WASHINGTON, June 26 (UPI) -- The United States will lift some sanctions against North Korea, now that Pyongyang has taken steps toward denuclearization, a White House aide said Thursday.
President George W. Bush announced two actions in response to North Korea's declaration of its nuclear program, National Security Adviser Stephen Hadley told reporters. Bush issued a proclamation lifting some sanctions against North Korea under the Trading with the Enemy Act, and he notified Congress of his intent to remove North Korea from being listed as a state sponsor of terrorism within 45 days.
The sanctions being removed affect some financial transfers by the North Korean government, commerce and shipping, Hadley said.
"These (sanctions) will expire so far as they look to the Trading with the Enemies Act as the statutory basis for their being imposed," he said.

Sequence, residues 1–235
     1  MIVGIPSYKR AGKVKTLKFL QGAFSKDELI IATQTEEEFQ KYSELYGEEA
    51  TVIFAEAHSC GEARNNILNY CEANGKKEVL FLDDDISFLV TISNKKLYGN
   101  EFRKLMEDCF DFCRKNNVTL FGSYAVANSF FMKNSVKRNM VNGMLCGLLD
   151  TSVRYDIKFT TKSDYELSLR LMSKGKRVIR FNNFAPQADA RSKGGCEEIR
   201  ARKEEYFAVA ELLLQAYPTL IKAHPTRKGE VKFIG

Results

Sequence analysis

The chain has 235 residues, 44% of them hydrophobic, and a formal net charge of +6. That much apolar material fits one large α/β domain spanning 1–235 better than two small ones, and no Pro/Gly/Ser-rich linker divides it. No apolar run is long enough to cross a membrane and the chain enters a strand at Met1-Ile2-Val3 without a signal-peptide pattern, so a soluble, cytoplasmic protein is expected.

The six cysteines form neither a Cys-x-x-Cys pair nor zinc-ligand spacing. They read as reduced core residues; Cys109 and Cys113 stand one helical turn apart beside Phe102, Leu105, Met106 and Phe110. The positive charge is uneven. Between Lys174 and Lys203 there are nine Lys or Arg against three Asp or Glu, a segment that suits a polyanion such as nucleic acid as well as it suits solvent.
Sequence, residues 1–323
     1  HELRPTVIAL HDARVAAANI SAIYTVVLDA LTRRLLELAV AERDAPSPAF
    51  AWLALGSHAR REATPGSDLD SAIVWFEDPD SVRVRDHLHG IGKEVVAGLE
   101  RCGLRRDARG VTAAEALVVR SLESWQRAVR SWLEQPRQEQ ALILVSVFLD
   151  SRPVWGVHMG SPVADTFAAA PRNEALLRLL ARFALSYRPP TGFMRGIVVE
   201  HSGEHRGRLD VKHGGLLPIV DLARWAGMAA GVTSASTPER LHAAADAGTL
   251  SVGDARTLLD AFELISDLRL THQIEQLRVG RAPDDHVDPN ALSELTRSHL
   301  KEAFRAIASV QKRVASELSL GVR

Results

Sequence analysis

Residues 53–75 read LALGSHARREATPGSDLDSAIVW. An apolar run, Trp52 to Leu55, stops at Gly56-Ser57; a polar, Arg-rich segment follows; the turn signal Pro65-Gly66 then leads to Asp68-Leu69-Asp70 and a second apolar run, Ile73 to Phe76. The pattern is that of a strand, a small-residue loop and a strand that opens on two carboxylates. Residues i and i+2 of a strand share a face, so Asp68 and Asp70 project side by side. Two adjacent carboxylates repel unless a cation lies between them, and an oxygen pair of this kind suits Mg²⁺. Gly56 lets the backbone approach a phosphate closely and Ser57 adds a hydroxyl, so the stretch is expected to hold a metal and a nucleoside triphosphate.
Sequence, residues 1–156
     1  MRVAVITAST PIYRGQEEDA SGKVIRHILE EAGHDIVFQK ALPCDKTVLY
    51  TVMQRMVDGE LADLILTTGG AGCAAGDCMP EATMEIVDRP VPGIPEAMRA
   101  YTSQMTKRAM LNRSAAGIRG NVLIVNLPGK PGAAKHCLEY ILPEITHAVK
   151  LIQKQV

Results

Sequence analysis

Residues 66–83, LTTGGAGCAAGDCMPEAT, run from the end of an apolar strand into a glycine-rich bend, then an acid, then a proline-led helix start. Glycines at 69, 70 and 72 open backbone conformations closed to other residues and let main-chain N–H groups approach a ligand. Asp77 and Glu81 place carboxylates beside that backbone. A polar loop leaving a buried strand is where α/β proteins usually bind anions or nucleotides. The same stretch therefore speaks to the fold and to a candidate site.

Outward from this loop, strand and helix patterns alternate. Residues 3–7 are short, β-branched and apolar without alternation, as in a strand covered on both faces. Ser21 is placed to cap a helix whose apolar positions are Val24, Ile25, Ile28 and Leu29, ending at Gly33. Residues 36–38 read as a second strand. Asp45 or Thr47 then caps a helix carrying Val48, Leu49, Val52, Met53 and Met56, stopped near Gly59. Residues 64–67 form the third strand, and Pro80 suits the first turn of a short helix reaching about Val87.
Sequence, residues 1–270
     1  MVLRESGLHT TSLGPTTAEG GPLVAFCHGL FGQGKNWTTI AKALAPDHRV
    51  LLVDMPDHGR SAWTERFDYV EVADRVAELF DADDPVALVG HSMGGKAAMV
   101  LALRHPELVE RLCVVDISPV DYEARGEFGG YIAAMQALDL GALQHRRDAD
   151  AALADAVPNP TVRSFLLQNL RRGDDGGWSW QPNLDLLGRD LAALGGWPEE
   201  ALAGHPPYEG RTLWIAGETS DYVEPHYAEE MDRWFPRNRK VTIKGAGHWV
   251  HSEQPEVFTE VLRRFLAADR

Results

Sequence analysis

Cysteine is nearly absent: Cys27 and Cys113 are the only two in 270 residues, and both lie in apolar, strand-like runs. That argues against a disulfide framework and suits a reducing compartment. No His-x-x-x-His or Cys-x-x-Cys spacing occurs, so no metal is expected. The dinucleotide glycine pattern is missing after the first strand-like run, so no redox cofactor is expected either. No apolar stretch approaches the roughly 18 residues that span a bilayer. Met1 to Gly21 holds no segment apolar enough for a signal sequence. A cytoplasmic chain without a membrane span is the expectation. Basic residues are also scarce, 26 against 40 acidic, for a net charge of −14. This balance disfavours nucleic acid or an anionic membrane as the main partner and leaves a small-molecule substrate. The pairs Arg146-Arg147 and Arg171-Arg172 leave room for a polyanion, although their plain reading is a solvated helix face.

However, two other prohibitions will remain in effect through an executive order Bush signed Thursday, Hadley said. They concern U.S. entities interacting with ships under the North Korean flag and freezing certain assets that were frozen in 2000.
"We appreciate the declaration, obviously, that North Korea has provided to China today," the adviser said.
However, the administration remains concerned about issues such as nuclear capability and nuclear weapons proliferation that will be addressed through the verification and monitoring process, Hadley said.